In GTK+ master, the switch still has its widget-level GtkCssGadget so it supports min-width/min-height CSS properties and CSS margins, but the slider gadget has been replaced by a GtkButton and the two PangoLayouts are replaced with GtkLabels. This way we can save roughly 300 lines in gtkswitch.c. Theoretically we also have more features and can e.g. use the limited support for the text-decoration CSS property that GtkLabel supports, but I’m just going to doubt that this is very useful.

GtkSpinButton

As noted earlier, GtkSpinButton could easily use actual GtkButtons for the up/down areas, and it does so in GTK+ master (which will become GTK+4 at some point). This gets rid of another 300 lines in gtkspinbutton.c. Through using GtkButtons, the old icon helper gadgets also become actual GtkImage instances. Unfortunately we have to implement some of the GtkGesture magic ourselves here since GtkSpinButton also supports middle and right clicks on its buttons while GtkButton::clicked only reacts to single, primary mouse button clicks.

GtkLevelBar

GtkLevelBar manages a set of blocks and assigns different style classes to them. In GTK+3, these blocks are all GtkCssGadget instances. All of them are “dumb” in the sense that they don’t do anything special — they are just CSS boxes and that’s it. That’s why converting it to use GtkWidgets for all blocks didn’t gain much of a reduction in file size.

 

GtkProgressBar

GtkProgressBar uses gadgets for the trough and the progress nodes. It also uses a PangoLayout to display the percentage or a user-given string.

In master, both trough and progress are widgets and the PangoLayout is a GtkLabel of course. Not having to listen to GtkWidget::style-changed (which gets done automatically for widgets) and not having to draw the PangoLayout ourselves (which the GtkLabel now takes care of) yields a nice code size saving of around 200 lines, however.

 

GtkExpander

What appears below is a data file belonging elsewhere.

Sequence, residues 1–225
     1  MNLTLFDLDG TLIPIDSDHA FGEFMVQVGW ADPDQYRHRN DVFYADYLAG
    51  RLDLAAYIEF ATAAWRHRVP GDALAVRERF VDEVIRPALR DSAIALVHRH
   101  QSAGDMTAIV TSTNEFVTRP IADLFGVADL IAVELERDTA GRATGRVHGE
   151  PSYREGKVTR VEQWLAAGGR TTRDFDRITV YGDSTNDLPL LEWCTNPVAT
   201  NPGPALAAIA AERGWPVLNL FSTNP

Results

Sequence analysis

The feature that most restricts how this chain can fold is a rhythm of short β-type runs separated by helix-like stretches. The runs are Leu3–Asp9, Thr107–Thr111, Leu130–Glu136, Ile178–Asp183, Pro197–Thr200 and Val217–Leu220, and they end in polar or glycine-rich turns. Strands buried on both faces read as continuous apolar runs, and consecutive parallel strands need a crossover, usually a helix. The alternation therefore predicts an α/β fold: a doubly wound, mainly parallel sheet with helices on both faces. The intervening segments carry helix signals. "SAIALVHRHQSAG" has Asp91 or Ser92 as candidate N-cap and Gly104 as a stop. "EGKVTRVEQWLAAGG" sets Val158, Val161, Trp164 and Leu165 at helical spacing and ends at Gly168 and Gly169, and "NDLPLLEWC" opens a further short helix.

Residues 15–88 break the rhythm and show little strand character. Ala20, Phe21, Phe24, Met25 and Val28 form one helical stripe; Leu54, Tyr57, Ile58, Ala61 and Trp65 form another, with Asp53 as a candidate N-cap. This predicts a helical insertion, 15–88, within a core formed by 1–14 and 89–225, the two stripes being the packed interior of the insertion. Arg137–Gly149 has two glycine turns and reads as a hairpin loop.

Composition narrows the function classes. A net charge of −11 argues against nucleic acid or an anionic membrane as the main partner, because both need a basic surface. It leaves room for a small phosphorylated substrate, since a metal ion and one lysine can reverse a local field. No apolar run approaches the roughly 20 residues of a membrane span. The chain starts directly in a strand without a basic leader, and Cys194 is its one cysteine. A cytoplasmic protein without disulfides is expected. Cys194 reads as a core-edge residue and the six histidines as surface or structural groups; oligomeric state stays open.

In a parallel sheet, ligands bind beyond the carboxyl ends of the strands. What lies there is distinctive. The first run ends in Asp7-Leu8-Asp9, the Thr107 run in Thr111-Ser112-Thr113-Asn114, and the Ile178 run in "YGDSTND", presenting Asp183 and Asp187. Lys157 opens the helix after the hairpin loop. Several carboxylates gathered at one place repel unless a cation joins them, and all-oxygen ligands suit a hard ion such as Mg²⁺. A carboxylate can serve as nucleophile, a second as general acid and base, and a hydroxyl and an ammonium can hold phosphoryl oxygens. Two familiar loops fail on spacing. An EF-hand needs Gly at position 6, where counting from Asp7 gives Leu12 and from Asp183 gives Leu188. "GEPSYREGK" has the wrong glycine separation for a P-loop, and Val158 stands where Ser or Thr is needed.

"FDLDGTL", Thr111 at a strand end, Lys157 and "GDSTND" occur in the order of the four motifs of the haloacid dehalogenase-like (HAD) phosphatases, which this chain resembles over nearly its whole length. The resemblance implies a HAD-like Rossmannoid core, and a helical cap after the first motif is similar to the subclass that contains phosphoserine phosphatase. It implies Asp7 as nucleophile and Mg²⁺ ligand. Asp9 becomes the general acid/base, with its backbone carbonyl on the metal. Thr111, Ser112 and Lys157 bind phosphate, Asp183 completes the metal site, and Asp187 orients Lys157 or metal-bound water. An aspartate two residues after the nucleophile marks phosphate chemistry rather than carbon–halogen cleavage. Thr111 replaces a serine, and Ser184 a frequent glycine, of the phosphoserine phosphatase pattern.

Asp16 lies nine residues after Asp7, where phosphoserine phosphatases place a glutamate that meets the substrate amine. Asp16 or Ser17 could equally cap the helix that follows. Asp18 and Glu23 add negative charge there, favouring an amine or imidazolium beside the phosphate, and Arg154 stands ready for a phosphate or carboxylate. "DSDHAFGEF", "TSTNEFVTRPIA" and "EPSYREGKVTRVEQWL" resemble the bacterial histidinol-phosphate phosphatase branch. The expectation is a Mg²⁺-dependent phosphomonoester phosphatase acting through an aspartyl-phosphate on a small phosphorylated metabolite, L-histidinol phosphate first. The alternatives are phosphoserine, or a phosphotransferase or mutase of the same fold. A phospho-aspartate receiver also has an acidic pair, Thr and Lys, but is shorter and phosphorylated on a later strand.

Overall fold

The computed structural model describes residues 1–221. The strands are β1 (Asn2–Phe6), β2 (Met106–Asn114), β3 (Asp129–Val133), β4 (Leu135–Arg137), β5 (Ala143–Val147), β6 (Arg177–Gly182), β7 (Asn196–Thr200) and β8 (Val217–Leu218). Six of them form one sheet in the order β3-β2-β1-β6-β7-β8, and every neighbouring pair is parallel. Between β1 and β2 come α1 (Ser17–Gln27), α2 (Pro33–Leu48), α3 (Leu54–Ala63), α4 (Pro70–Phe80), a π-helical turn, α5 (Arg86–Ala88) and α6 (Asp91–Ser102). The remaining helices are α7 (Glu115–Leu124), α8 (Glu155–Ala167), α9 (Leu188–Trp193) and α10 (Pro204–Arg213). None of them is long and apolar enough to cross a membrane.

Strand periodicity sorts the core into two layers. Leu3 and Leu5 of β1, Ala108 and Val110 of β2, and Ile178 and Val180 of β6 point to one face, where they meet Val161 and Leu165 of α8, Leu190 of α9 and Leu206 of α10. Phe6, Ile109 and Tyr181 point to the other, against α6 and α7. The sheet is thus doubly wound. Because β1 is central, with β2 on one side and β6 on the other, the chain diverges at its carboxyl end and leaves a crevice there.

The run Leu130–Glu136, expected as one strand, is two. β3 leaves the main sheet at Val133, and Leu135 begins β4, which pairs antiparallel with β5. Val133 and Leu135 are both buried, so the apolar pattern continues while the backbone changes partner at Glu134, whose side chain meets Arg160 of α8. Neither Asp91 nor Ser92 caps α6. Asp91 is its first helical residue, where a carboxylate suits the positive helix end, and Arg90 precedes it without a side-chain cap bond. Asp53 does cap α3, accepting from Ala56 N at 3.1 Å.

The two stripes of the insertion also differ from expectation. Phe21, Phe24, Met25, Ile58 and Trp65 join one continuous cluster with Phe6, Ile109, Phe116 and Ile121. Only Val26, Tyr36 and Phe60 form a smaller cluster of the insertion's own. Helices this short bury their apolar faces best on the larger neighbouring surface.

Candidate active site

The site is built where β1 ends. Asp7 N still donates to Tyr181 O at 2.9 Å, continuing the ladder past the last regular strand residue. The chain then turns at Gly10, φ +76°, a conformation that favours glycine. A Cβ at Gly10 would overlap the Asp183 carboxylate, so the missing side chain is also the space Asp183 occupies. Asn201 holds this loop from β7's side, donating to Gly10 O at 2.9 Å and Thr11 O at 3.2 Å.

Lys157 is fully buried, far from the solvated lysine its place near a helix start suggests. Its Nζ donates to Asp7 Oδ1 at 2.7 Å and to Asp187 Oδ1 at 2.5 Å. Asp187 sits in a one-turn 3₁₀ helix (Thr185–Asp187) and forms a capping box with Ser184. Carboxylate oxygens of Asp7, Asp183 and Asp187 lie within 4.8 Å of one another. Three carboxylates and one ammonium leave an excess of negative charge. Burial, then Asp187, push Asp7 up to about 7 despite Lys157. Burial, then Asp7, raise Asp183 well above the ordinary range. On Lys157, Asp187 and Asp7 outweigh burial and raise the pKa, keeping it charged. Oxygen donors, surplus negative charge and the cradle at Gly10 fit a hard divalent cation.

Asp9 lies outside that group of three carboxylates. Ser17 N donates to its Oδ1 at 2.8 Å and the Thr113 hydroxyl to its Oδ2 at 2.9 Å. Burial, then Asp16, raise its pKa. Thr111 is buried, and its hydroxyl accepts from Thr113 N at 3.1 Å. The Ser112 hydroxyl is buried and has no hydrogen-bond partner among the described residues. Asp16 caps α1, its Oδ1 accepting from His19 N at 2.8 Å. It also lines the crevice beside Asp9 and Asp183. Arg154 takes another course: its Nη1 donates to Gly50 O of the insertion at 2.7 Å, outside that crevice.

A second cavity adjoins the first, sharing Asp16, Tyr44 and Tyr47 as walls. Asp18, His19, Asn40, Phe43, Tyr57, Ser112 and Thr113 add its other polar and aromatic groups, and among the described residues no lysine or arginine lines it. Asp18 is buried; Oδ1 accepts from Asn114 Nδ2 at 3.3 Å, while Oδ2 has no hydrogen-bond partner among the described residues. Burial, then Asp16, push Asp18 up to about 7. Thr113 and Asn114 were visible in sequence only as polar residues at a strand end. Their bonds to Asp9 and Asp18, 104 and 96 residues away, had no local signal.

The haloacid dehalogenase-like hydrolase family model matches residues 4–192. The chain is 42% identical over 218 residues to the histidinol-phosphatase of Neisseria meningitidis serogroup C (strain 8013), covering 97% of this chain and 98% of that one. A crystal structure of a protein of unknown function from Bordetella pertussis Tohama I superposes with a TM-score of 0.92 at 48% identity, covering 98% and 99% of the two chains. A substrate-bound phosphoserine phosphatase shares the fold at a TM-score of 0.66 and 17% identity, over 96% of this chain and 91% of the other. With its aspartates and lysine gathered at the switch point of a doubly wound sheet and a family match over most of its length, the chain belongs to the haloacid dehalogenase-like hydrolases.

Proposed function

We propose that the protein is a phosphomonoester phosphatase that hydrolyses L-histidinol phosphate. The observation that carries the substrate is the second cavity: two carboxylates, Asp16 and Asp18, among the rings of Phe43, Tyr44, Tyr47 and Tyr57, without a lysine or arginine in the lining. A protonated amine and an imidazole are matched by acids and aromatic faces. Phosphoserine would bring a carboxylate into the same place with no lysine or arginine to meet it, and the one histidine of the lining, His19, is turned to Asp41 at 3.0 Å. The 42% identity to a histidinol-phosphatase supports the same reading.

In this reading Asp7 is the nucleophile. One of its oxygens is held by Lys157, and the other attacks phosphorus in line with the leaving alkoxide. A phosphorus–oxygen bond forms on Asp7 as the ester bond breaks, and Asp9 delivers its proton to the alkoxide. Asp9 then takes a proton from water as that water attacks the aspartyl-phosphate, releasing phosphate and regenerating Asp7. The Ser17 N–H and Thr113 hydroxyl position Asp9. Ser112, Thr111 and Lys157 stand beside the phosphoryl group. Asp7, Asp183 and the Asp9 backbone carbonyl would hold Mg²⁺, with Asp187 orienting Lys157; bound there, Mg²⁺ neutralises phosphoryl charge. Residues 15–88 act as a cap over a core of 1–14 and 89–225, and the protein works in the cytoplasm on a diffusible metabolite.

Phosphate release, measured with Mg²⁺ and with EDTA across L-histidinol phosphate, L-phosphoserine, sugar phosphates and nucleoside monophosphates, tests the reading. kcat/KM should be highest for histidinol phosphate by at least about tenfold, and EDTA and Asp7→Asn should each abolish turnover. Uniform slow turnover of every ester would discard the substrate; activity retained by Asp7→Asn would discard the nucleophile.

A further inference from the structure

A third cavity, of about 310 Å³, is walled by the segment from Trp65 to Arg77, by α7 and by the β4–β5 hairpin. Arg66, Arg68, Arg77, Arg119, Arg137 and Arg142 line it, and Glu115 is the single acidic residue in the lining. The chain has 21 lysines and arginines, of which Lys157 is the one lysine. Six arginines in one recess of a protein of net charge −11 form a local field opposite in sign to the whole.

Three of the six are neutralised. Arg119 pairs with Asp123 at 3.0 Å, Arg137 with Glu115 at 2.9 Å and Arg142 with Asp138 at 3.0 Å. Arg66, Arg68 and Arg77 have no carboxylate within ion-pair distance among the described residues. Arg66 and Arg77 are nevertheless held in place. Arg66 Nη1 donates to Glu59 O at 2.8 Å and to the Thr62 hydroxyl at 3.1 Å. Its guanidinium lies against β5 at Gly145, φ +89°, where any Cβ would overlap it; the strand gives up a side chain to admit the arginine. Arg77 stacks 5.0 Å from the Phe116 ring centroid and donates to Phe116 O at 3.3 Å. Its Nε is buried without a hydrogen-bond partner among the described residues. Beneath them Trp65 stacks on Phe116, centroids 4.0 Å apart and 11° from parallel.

GtkExpander is more complex than it looks like. In GTK+3, it consists of 2 GtkBoxGadgets (which is like a GtkBox, but not a widget…), one gadget for the arrow to the left of the title widget, the title widget and the actual content widget. In master, this is done using an actual GtkBox, and a GtkIcon (an internal widget) for the arrow. I’m not sure if this is the best way to express the GtkExpander functionality, e.g. we could also use a GtkButton for the arrow+title widget combination.
Since GtkBoxGadget is already almost a perfect GtkBox clone, the code savings here aren’t very interesting, but not having to listen to GtkWidget::direction-changed once again saves around 30 lines.

Accidental GtkBox & GtkButton subclasses

GTK+3 contains quit a lot of widgets that inherit from another widget for the sole purpose of looking and behaving like them. The problem here is that these widgets also inherit all the API of the parent class, which is only rarely wanted.
For GtkBox, almost all subclasses in GTK+3 are “accidental” in the sense that actually using them as a GtkBox doesn’t make any sense and people usually don’t do it, but they had to be GtkBox subclasses to satisfy GTK+’s GtkContainer requirement. One example of such a widget would be GtkFileChooserWidget. This is already one of the most complex widget to ever exist, but have you ever considered using gtk_container_add() or gtk_box_pack_{start,end}() to add widgets to it? It doesn’t make a lot of sense. It’s a closed entity with its own API. So, in GTK+4 it will be a direct GtkWidget subclass that contains a GtkBox. Or maybe not. That’s just an implementation detail you don’t have to care about. (Fun Fact on the side: GtkFileChooserButton is a GtkBox in GTK+3)
The same applies to GtkButton. In GTK+3, GtkButton has lots of subclasses that inherited all the GtkButton API without actually supporting it. What happens if you remove the child widget from a GtkLinkButton? What if you set the GtkButton:label property of a GtkFontButton? Again, these are closed entities that have their own API to set and get various data and change behavior and/or looks based on them, but that doesn’t mean they support all the GtkButton/GtkContainer shenanigans.